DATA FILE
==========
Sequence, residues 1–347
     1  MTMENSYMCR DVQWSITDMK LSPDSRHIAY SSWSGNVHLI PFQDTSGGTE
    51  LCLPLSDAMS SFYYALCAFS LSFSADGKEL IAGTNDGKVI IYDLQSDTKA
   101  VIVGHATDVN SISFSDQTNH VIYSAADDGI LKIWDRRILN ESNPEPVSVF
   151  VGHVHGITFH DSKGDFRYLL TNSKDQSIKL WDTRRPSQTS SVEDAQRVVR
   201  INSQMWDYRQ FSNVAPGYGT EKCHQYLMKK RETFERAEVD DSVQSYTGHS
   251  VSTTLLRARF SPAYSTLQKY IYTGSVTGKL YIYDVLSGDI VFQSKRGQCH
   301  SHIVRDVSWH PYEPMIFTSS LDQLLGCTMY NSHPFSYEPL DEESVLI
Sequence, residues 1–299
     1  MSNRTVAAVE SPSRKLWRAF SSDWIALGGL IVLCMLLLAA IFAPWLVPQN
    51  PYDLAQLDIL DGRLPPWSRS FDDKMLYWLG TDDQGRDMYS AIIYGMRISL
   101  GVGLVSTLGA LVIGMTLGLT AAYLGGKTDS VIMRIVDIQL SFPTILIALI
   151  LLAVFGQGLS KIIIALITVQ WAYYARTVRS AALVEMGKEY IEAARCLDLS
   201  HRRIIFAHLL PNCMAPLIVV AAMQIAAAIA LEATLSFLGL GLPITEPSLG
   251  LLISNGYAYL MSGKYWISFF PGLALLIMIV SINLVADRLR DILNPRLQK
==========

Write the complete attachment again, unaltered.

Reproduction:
Sequence, residues 1–347
     1  MTMENSYMCR DVQWSITDMK LSPDSRHIAY SSWSGNVHLI PFQDTSGGTE
    51  LCLPLSDAMS SFYYALCAFS LSFSADGKEL IAGTNDGKVI IYDLQSDTKA
   101  VIVGHATDVN SISFSDQTNH VIYSAADDGI LKIWDRRILN ESNPEPVSVF
   151  VGHVHGITFH DSKGDFRYLL TNSKDQSIKL WDTRRPSQTS SVEDAQRVVR
   201  INSQMWDYRQ FSNVAPGYGT EKCHQYLMKK RETFERAEVD DSVQSYTGHS
   251  VSTTLLRARF SPAYSTLQKY IYTGSVTGKL YIYDVLSGDI VFQSKRGQCH
   301  SHIVRDVSWH PYEPMIFTSS LDQLLGCTMY NSHPFSYEPL DEESVLI
Sequence, residues 1–299
     1  MSNRTVAAVE SPSRKLWRAF SSDWIALGGL IVLCMLLLAA IFAPWLVPQN
    51  PYDLAQLDIL DGRLPPWSRS FDDKMLYWLG TDDQGRDMYS AIIYGMRISL
   101  GVGLVSTLGA LVIGMTLGLT AAYLGGKTDS VIMRIVDIQL SFPTILIALI
   151  LLAVFGQGLS KIIIALITVQ WAYYARTVRS AALVEMGKEY IEAARCLDLS
   201  HRRIIFAHLL PNCMAPLIVV AAMQIAAAIA LEATLSFLGL GLPITEPSLG
   251  LLISNGYAYL MSGKYWISFF PGLALLIMIV SINLVADRLR DILNPRLQK